A journalist in Niger has been sentenced to six months in prison after writing an article in which he accused senior officials of misappropriating state funds.

The owner and editor of the independent daily newspaper La Republican, Mamane Abou, wrote the offending article in July, accusing the government of awarding contracts without allowing competitive bidding.

Mr. Abou published documents he said came from the Public Treasury, which he said proved the government of Niger was making illegal payments totaling $7 million to suppliers who have close links to Prime Minister Hama Amadou.

The government says the contracts were legal under a presidential decree.

Mr. Abou was convicted of libel, without being present at his trial. His lawyers were not allowed to attend either.

The government has also accused Mr. Abou of theft and possession of confidential government documents, prompting fears among local journalists that he could be tried a second time.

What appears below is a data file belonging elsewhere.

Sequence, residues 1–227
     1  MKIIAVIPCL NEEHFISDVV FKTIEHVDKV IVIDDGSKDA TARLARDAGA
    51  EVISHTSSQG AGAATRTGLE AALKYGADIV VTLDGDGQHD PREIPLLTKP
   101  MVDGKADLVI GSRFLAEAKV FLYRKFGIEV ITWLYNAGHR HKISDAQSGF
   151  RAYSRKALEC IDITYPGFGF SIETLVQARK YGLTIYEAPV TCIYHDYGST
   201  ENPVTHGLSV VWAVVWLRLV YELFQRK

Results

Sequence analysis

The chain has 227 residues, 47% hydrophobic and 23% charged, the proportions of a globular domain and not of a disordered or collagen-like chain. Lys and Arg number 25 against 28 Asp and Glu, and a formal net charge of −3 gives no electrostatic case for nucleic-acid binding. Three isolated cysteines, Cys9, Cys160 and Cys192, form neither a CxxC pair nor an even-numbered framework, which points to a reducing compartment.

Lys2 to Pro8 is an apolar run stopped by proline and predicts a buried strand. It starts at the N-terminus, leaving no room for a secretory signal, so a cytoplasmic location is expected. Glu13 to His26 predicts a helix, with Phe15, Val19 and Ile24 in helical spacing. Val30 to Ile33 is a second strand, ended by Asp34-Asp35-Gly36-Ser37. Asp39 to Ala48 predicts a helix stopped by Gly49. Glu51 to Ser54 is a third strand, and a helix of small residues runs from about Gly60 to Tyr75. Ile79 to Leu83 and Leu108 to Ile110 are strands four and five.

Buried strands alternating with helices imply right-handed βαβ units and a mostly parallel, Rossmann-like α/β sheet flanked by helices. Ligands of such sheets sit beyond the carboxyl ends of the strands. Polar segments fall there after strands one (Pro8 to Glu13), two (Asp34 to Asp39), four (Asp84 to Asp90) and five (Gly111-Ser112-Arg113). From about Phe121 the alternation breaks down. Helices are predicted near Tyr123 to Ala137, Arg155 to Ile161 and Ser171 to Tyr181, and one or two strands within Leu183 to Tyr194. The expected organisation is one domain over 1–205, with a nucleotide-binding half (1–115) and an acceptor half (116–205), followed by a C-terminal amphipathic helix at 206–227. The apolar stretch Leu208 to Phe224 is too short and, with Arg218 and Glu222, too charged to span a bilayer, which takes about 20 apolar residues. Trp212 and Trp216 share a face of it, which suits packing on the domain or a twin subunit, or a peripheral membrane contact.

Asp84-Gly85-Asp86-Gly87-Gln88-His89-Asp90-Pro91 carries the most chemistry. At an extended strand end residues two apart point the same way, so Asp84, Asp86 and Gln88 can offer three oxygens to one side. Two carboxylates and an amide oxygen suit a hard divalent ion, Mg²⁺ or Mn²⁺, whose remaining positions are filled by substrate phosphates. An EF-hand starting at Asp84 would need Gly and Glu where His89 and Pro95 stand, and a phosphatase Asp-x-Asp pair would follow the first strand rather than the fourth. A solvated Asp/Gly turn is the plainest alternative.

International journalism associations have condemned Mr. Abou's trial and sentencing, including the Committee to Protect Journalists in New York and the Paris-based group Reporters Without Borders.

They say Mr. Abou's arrest is a reflection of the deteriorating state of press freedom in Niger.

In October, the director of another weekly newspaper was given a one-year suspended sentence after he quoted a businessman who said the government of Niger was awarding too many contracts to his rivals in the east of the country.

Reporters have also been targeted elsewhere in Africa in recent weeks, including the killing of a reporter in Abidjan by a police officer. In addition, journalists have been detained in Equatorial Guinea and Mali, and a French reporter was deported from Senegal.